Antibodies: Autoimmune thyroid disease falls into two main categories: Hashimoto’s Thyroiditis and Grave’s Disease. Hashimoto’s Thyroiditis is typically identified by checking antibodies that attach the thyroid tissue.
We find Antithyroglobulin Antibody (TG Antibodies) in 70% of the cases and Thyroid Peroxidase (TPO) antibodies are found in 95% of the cases.
Grave’s Disease (Hyperthyroidism) is typically diagnosed using Thyroid-Stimulating Immunoglobulin (TSI) and TSH-Binding Inhibiting Immunoglobulin (TBII). These are different names for the same test. Testing for both sets of thyroid antibodies are critically important
Supporting Your Immune System
The number one cause of hypothyroidism is Hashimotos. Knowing this, our emphasis from a treatment point of view should be focused on the things that cause the immune system to mistakenly attack the thyroid gland. Keep in mind that if you have Hashimotos, your immune system is the problem not the Thyroid.
There are several key factors or Immune Triggers that must be addressed to stabilize the immune system. Let’s review just a few of these Autoimmune Triggers below.
- Poor Blood Sugar Stability:Blood sugar imbalances cause immune dysfunction, and this can exacerbate an underlying autoimmune disease. Stable blood sugar is critical for a healthy immune response and normal thyroid function.
- Low Vitamin D Levels:Individuals with low vitamin D3 levels (below 40 ng/ml) are at significant risk for developing osteoporosis, chronic inflammation and auto-immunity (20). We like to see Vitamin D levels around 80-90 nmol/L.
- Gut Dysbiosis:Intestinal dysbiosis caused by Standard American Diet, or by medications like birth control pills, antacids, antibiotics, antidepressants can lead not only to leaky gut syndrome and chronic inflammation (21) but also yeast overgrowth and SIBO. Healthy Thyroid function depends on gut health.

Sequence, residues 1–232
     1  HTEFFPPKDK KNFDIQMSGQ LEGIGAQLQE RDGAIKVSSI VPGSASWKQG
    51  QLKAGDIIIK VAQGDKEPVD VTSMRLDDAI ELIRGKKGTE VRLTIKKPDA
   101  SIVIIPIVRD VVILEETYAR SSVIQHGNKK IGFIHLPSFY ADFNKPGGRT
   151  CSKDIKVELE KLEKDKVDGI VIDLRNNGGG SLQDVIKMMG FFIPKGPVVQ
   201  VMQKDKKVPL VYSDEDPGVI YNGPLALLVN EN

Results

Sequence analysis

- Mitochondrial Dysfunction: The mitochondriaare the energy powerhouses found within each cell of the body. They are what keep cells alive and generating energy. They are critical to how the body handles oxidative stress. Dysfunction in the mitochondria leads to increased free radicals, increase lipid peroxides and ultimately oxidative stress. This damages the cell further driving chronic inflammation. This is a classic sign seen in Hashimoto’s autoimmune thyroid disease and other autoimmune disorders. (22).
- Low Glutathione Levels:When we see signs of oxidative stress it becomes important to support the antioxidant pathways. Glutathione is one of the major antioxidant players that quell the damage caused by oxidative stress. As mentioned earlier, low glutathione levels leads to chronic inflammation and to auto-immunity (23).
- Low Omega 3 Index:The average person consumed significantly more omega 6 fats than omega 3 fats. This shows up with a low omega 3 index on testing.
The Omega-3 Index test is simply a measure of the amount of EPA and DHA in the blood, specifically the red blood cell membranes When you take an Omega-3 Index test it gives you a percentage in the US, most people are at 4% or below – the highest risk zone. Being in the highest risk zone translates to a 90% higher risk of sudden cardiac death.
Low omega-3 levels are associated with a multitude of health issues such as heart disease, Alzheimer’s, eye disease, chronic inflammation, autoimmunity and much more.
While Omega 6 fats are very important it’s the ratio of omega 3 to omega 6 that becomes important to understand. The increased omega 6 stimulate the release of pro-inflammatory mediating prostaglandin molecules. This is a key factor in the development of chronic inflammation and auto-immunity (24).
- Environmental Toxins:Exposure to high levels of infectious microbes, environmental chemicals such as plastics, pesticides, herbicides, personal care products, heavy metals and biotoxins such as mold wear down the bodies glutathione levels, alter the gut microbiome and increase inflammatory activity in the body (25, 26, 27).
- High Stress and Adrenal Fatigue:Chronic ongoing emotional stress increases stress hormones like cortisol and deplete DHEA levels. When we see low cortisol and low DHEA this can be problematic on many fronts as it relates to autoimmunity. Stress is a major trigger for autoimmune dysregulation due to its impact on inflammatory cytokines. (28).
- Lack of Sleep: Sleep is essential for healing and the resetting of our neuroendocrine system. Poor sleep promotes immune dysfunction and increased inflammation because it disrupts our circadian rhythm and alters our melatonin levels. Good sleeping habits and optimal melatonin secretion reduce inflammation, counteracts the damaging effects of high cortisol and tissue repair. (29).